Frederick B Goss
The Rama story, known as the Ramayana in India, its place of origin, and Ramakien in a Thai context, is a literary work that has had a deep and complex association with Thai identified societies for centuries. The Rama narrative has been widely represented in Thai culture in the form of literature, performance and visual depiction. Through a study of the Rama story as used on black and gold lacquerware cabinets designed to hold the sacred Buddhist scriptures, one of the many forms of depiction in a Thai context of this narrative, this study found that the Rama story appears to have been used in a symbolic manner on the lacquerware cabinets to create the presence of Rama (Phra Ram). This is in order to convey the message of Rama acting, either in association or conjunction with the king, as the protector and guardian of Buddhism. Along with this symbolic meaning, one could also read a didactic message in the depictions of the Thai Rama story, that being to convey a lesson of the triumph of good / truth over evil / ignorance.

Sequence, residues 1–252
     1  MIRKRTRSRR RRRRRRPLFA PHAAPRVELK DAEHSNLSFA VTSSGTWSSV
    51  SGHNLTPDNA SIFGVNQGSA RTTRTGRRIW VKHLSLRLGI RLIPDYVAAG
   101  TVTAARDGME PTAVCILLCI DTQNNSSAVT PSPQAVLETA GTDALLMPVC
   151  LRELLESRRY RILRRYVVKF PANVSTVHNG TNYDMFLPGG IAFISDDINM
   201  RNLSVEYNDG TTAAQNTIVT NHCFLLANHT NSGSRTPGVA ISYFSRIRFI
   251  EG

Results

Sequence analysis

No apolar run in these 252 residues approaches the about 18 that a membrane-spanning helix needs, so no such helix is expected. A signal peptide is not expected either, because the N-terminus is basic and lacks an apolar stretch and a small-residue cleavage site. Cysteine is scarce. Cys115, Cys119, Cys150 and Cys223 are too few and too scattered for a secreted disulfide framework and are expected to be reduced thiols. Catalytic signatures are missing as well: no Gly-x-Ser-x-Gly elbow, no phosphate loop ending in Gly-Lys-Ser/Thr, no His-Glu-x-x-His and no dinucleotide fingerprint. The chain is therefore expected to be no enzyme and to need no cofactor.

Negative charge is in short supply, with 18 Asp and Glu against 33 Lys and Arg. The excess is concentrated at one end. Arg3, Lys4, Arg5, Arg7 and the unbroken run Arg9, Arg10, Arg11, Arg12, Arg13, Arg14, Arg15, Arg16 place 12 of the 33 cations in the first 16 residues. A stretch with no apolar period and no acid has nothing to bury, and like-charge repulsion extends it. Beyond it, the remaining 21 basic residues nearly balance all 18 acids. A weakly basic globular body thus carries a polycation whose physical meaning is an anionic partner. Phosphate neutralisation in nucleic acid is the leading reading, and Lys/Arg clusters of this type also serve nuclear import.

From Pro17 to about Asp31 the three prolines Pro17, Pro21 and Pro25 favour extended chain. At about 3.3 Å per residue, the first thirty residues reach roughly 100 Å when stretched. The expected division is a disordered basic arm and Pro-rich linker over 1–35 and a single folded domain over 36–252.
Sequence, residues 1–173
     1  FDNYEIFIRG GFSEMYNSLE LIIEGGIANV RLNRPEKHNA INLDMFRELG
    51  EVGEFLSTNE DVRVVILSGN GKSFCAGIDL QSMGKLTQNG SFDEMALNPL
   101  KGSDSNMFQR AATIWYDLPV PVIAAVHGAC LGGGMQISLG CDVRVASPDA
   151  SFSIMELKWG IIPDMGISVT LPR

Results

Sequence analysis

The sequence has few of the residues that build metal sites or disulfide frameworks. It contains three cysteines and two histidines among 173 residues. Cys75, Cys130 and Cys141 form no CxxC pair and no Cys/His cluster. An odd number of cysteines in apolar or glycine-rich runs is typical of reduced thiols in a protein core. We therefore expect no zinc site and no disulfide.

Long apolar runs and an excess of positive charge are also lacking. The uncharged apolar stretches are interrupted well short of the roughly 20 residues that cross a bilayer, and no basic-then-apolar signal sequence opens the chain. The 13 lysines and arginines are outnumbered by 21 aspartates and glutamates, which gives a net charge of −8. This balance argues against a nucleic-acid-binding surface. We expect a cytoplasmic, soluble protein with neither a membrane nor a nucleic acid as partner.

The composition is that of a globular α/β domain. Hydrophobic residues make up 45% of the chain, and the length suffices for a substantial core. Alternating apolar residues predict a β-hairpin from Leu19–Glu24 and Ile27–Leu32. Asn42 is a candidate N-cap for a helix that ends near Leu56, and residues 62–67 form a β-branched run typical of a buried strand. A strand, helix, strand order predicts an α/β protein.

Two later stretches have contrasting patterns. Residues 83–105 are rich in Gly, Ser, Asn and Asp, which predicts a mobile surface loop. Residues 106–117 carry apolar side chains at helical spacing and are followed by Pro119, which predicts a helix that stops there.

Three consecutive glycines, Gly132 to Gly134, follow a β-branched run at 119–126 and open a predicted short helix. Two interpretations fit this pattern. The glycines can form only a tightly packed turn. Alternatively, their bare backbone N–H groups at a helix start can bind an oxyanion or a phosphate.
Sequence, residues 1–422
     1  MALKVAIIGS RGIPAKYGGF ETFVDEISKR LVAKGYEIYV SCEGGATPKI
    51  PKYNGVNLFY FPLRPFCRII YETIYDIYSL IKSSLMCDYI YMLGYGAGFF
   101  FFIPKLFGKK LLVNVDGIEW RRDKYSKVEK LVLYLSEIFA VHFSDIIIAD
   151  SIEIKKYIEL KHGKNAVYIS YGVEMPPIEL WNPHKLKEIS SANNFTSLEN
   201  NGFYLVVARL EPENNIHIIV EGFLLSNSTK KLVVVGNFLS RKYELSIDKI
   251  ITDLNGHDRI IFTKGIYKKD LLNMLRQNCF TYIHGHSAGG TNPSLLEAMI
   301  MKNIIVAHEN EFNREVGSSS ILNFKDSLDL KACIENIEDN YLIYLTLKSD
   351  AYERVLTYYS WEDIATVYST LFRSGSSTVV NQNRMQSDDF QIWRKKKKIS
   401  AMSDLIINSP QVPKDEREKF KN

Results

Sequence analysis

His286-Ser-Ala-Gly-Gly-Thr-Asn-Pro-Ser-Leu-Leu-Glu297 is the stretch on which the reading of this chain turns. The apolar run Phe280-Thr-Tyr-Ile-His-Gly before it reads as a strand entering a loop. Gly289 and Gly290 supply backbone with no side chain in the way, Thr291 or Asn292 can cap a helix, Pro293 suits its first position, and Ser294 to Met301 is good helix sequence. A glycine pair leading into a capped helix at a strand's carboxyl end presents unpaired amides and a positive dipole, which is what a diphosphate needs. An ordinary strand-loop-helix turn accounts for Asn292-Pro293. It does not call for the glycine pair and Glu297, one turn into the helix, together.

(Published in Rian Thai: International Journal of Thai Studies, Volume 10/2017 (Number 2), Page 1-25)
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